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President Trump spoke at the Values Voter Summit, held by the Family Research Council since 2006. The group has been designated a hate group by the Southern Poverty Law Center due to its anti-LGBT views. (Photo: Mark Wilson/Getty Images)

Trump Becomes First Sitting President to Speak at Hate-Filled 'Values Voter Summit'

President touted religious freedom for right-wing Christians at annual anti-Muslim, anti-LGBT event

Julia Conley

Advocates of LGBT rights and religious freedom denounced President Donald Trump as he became the first sitting president to address the Values Voter Summit on Friday. In his speech, Trump assured his supporters that Judeo-Christian religious values would be protected by his administration and pushed the narrative that social conservatives have been under attack in the U.S.

The Southern Poverty Law Center, which classifies the Family Research Council, one of the groups behind the summit, as a hate group, tweeted about the gathering the president had chosen to address.

The FRC's website reads, "Homosexual conduct is harmful to the persons who engage in it and to society at large, and can never be affirmed...We oppose the vigorous efforts of homosexual activists to demand that homosexuality be accepted as equivalent to heterosexuality in law, in the media, and in schools."

The annual event is taking on a decidely anti-Muslim and anti-immigrant tone this year as well, with Brigitte Gabriel, Sebastian Gorka, and Steve Bannon speaking in addition to the president.

In his speech, Trump drew on his ubiquitous "Make America Great Again" slogan, promising a "return" to religious values supposedly upheld by the signers of the Declaration of Independence.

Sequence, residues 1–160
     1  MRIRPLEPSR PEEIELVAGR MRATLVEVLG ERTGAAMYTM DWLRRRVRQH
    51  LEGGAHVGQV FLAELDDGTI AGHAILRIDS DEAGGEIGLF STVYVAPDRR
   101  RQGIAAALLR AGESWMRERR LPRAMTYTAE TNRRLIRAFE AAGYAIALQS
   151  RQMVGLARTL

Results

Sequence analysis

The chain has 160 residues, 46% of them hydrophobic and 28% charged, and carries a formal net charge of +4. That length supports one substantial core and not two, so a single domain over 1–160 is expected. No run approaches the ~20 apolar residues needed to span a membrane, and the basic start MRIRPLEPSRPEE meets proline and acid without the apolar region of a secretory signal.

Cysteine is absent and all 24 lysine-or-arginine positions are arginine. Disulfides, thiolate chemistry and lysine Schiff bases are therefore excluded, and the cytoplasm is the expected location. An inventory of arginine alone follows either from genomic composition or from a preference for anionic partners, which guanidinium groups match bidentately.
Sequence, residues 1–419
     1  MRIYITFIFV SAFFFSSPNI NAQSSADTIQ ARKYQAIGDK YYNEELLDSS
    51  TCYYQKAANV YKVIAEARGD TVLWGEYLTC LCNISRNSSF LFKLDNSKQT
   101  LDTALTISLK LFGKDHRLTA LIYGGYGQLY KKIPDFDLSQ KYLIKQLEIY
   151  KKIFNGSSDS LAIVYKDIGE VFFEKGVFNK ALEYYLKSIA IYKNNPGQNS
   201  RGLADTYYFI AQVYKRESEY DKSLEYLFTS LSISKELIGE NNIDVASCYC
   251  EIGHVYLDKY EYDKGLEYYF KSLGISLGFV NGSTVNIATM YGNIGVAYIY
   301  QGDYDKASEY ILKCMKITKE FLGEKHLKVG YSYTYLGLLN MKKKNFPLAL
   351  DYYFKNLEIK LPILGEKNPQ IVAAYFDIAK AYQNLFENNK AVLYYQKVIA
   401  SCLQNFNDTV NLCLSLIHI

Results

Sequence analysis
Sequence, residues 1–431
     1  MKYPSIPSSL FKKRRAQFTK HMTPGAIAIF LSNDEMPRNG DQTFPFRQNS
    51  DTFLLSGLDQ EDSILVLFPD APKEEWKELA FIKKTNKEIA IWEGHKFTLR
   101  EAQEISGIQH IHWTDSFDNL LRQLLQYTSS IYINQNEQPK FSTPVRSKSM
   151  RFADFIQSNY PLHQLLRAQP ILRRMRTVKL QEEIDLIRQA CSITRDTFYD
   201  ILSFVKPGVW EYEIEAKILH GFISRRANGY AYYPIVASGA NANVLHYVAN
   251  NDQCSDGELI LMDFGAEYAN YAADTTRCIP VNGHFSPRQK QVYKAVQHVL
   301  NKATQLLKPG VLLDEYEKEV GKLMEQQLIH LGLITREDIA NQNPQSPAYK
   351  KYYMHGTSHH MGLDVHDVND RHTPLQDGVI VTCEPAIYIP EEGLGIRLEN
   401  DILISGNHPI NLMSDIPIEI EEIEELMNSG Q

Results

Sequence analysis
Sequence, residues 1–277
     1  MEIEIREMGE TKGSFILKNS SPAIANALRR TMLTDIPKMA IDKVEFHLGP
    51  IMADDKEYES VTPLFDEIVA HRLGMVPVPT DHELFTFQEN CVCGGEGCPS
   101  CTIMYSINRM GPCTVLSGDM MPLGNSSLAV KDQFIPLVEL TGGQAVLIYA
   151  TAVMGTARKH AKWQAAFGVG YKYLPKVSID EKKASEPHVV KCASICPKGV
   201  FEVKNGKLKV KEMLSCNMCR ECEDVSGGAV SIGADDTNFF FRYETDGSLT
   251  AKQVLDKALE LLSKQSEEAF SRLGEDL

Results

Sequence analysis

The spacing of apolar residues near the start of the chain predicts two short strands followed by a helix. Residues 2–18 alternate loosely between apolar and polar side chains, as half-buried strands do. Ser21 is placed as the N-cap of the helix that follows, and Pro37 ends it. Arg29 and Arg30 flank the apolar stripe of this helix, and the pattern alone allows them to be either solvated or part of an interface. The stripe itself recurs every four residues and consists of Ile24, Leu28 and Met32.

Despite a number of references to religious liberty, the president made clear throughout the speech that his concerns lie with the freedom to express Judeo-Christian beliefs. He invoked the alleged "War on Christmas," promising, "We are stopping cold the attacks on Judeo-Christian values."

He also addressed the Johnson Amendment, the law signed by President Lyndon B. Johnson eliminating religious organizations' tax-exempt status if they publicly advocate for political candidates. Trump touted his executive order which weakened the amendment earlier this year, touting his commitment to protecting Christian and Jewish leaders—but made no mention of other religious groups.

"We will not allow government workers to censor sermons or target our pastors or our ministers or rabbis," the president said. "These are the people we want to hear from, and they're not going to be silenced any longer."

Trump, who has spent most of his life in socially progressive New York City, expressed liberal views about the LGBT community prior to his 2016 run, once saying he supported an amendment to the Civil Rights Act of 1964 to include discrimination based on sexual orientation and noting that he "grew up in New York City, a town with different races, religions, and peoples. It breeds tolerance."

But since announcing his presidential run in 2015, he's proven to be dependent on the support of groups like the Family Research Council. Opening his speech, he mentioned his affinity for groups that approve of his professed views.

On social media, rights groups and progressives spoke out against the president's speech—and the irony of his appearance before "Values Voters."


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